Left, Don Rosenbeck, president of Maria Stein Shrine; middle, Sister Barbara Ann Hoying and Orville Homan, chair of the Maria Stein Shrine Board of Directors; right (from left), Sisters Joyce Lehman, Regina Albers, Nancy Kinross and Barbara Ann Hoying.
After 170 years of ministry in Mercer and Auglaize counties, the Sisters of the Precious Blood are turning to the laity to secure the future of the landmark Maria Stein Shrine of the Holy Relics.
A 501c3 not-for-profit organization will assume responsibility and operation of the Shrine on Jan. 1, 2017. The sisters are gifting the shrine and 24 acres of land to the Maria Stein Shrine Corporation.
In addition, the Legacy Fund has been created to raise the $6 million needed to generate adequate income for the maintenance and operation of the shrine. The first $2 million was donated by the Sisters of the Precious Blood. Nearly $950,000 has been pledged and donated from other sources, with an anonymous donor matching up to another $2 million. The $2 million match extends to pledges and donations made by Dec. 31, 2017.
“The German Catholic community, whose ancestors learned much of their spirituality from the Sisters of the Precious Blood, has demonstrated a real commitment to the shrine,” said Don Rosenbeck, president of Maria Stein Shrine of the Holy Relics. “Just as local parishes are involving the laity more and more, so too, will the Shrine.”
The shrine was established in 1846 as the Sisters of the Precious Blood original motherhouse. The motherhouse was moved to Dayton in 1923, but retired Sisters continued to live at Maria Stein. In the late 19th and early 20th centuries, Maria Stein was also a working farm operated by the Sisters. They created crafts and vestments for priests in order to provide for themselves. Their main work, though, was Eucharistic adoration.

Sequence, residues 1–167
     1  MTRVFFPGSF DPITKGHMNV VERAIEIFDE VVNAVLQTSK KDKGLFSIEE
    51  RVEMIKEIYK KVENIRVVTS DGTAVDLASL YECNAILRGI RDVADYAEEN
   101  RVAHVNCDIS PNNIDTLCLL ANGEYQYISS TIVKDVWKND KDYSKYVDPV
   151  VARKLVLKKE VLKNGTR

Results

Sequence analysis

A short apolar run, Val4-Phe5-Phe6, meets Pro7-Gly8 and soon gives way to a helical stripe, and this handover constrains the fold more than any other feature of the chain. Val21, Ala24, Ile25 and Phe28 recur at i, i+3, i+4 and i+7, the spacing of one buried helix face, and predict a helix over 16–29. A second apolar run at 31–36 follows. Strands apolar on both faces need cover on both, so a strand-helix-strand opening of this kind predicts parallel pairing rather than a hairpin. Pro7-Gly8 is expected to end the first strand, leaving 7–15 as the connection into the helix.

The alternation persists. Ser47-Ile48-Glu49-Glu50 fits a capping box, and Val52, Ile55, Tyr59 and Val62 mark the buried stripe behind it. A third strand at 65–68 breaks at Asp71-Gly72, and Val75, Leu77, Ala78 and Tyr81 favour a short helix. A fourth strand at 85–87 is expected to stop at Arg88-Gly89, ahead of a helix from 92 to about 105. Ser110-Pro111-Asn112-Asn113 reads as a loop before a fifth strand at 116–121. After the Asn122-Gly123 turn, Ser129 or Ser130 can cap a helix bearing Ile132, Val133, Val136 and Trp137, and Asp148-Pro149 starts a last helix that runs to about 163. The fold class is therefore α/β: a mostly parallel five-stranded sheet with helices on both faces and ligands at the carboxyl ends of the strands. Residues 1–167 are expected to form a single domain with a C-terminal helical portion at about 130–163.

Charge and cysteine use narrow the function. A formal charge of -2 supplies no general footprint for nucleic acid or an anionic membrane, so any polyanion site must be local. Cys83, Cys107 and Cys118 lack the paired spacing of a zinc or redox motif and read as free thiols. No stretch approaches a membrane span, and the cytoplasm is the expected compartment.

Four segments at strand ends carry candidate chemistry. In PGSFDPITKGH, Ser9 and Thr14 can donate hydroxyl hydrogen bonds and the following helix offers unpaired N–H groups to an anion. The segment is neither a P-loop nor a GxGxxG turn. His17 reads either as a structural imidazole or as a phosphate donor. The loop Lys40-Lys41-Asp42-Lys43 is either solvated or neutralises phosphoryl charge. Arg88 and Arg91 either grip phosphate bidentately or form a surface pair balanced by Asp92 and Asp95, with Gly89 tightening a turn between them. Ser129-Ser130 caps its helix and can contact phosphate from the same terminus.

A centerpiece of the shrine is the relic chapel housing the second largest collection of relics in the United States. The collection includes more than 1,000 relics including those from all four Gospel writers and all but one of the apostles. The relic chapel was dedicated in 1892.
Sisters of the Precious Blood continue to volunteer at the Shrine, and several sisters live in nearby communities.
“We believe the laity are more than capable of doing and holding sacred what we have held sacred all these years,” said Sister Joyce Lehman, president of the Sisters of the Precious Blood. “Although we’re comfortable knowing that, this is still a difficult decision and it’s a sad decision for us to have to make because we spent 170 years … being the guardians of this land and of the rich treasure of both faith and of the relics that we have here. We do trust, however, that it’s going to be in good hands and that the ministry will continue for the greater honor and glory of God.”
Story and photos by Dave Eck